Tag Archives: railway

Dr Brooking of Brixham

Following recent interest from the Brooking Society, our Curator and Writer-in-Residence have been researching the life of a Victorian physician and surgeon.

Dr. Charles Henry Brooking was a native of Brixham, who took a prominent interest in the local affairs and development of the area, and played a leading part in the Volunteer Artillery.

Born in 1822, he trained at Guy’s Hospital and the College of Surgeons in London, returning to the port to assist his father in practice, qualifying as MD on his retirement and taking over the surgery, where he provided patients with medical attention for a further 30 years. On his own retirement, he spent two years in Italy and then purchased a property in Paignton, the Brixham practice passing to Dr. George Clement Searle.

In 1859, he had ‘succeeded where others failed’ and raised a group of men to form No. 2 Company (Brixham) of the Devonshire (1st) Royal Garrison Artillery, initially commanding them. The Battery used guns ‘that had seen service in the Napoleonic wars’; Captain William Murche later led the Company, his duties passing in time to Captain Lord Churston. Dr. Brooking’s colleague, Dr. Christopher Green, also participated, while Rev. Elrington, Vicar of All Saints’ Church, performed the duties of Chaplain.

 

artillery band

 

By 1861, the unit had two 24-pounder guns, while drills took place at the Market Hall, Bolton Cross and outdoors at Berry Head. They also formed a band, marching to Lord Churston’s seat at Lupton, to play ‘a favourite air of the Yarde-Buller family’. During the same year, Dr. Brooking was present at the occasion of the extension of the railway from Paignton to Brixham Road (later Churston Station), stepping forward amidst the crowds on the platform to read a congratulatory address to those arriving on the new stretch of line.

Seven years later, he attended the further extension of the line to Furzeham Common, the Artillery Band one of three performing at the opening ceremony. Local entrepreneur, Richard Walter Wolston, had personally financed the new track; many people were waiting to see his party’s carriage pull in to Brixham Station and cheered when they came into sight.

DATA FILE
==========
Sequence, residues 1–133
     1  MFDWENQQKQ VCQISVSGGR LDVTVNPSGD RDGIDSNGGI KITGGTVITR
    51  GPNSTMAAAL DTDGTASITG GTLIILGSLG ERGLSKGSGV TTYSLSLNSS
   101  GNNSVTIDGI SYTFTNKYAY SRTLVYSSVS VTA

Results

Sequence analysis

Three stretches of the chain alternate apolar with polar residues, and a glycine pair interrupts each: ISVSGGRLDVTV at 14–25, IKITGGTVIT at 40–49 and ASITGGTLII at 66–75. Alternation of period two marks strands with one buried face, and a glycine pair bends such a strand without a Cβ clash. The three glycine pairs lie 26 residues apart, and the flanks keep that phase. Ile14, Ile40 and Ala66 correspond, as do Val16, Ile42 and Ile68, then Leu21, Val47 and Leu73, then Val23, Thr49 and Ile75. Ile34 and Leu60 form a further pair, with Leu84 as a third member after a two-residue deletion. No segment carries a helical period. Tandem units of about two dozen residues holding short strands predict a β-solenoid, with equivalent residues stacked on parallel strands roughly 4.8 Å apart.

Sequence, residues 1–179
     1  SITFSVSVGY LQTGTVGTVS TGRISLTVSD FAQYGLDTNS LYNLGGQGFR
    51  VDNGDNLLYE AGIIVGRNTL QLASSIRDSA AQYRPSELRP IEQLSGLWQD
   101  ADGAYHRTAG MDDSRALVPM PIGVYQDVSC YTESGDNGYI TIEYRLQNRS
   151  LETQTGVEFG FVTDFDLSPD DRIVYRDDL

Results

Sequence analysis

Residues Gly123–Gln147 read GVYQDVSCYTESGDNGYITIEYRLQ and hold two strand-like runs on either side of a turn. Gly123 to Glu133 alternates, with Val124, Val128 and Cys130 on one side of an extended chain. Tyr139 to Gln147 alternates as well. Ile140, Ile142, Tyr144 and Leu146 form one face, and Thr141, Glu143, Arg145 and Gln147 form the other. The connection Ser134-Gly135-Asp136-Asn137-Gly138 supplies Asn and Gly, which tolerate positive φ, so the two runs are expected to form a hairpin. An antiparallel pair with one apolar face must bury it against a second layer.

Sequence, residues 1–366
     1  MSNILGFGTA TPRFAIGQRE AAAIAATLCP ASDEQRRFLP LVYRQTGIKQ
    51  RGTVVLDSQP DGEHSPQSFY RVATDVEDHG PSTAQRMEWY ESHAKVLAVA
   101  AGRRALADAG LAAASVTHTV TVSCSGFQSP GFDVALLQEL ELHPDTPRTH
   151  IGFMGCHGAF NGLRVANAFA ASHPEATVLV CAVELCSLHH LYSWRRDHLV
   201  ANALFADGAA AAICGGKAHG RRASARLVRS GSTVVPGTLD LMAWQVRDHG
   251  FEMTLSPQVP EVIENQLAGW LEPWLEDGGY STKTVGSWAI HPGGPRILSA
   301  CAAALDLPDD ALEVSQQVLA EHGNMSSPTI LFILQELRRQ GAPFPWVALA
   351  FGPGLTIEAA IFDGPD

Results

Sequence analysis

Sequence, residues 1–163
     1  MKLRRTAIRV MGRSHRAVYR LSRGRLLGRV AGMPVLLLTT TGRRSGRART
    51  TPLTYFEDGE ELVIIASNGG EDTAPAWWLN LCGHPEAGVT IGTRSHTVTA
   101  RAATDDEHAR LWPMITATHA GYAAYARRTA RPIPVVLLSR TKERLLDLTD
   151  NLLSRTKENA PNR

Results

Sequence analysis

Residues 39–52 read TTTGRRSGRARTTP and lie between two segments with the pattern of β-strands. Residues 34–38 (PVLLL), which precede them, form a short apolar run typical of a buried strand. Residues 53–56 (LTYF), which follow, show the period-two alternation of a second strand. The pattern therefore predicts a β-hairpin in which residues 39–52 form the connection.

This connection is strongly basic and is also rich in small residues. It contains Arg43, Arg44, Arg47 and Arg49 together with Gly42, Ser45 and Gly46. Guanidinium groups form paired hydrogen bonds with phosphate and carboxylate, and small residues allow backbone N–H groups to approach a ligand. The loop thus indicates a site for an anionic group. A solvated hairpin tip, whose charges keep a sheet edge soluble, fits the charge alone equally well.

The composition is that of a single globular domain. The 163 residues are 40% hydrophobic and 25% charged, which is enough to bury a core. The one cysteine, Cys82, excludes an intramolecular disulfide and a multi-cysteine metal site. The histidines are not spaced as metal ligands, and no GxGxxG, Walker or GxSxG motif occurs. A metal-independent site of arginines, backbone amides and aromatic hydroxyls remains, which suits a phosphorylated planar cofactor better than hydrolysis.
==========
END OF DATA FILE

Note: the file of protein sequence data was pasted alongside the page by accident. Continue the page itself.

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After Dr. Brooking left Brixham in 1870, the Volunteers continued to meet, practising their rifle shooting and arms skills. Numbers were maintained and in 1903, when new regulations led to a wave of resignations across the country, the Brixham Artillery held firm; in 1904, 86 men were drilling. The requirements paved the way for the Volunteers to be disbanded and territorial units otherwise organised in the years leading up to the Great War. The Brixham Rifle Club was formed in 1909, opening an outdoor shooting gallery at Upton Quarry, while the Urban District Council purchased the Fishcombe Battery for use as a public space in 1910.

Dr. Brooking held the record for being the oldest Volunteer in the country. As such, he was invited to a ‘levee’ at St. James’ Palace, where King George V received him. Three months after his 100th birthday in 1922, Dr. Brooking died in Paignton, where his funeral was held.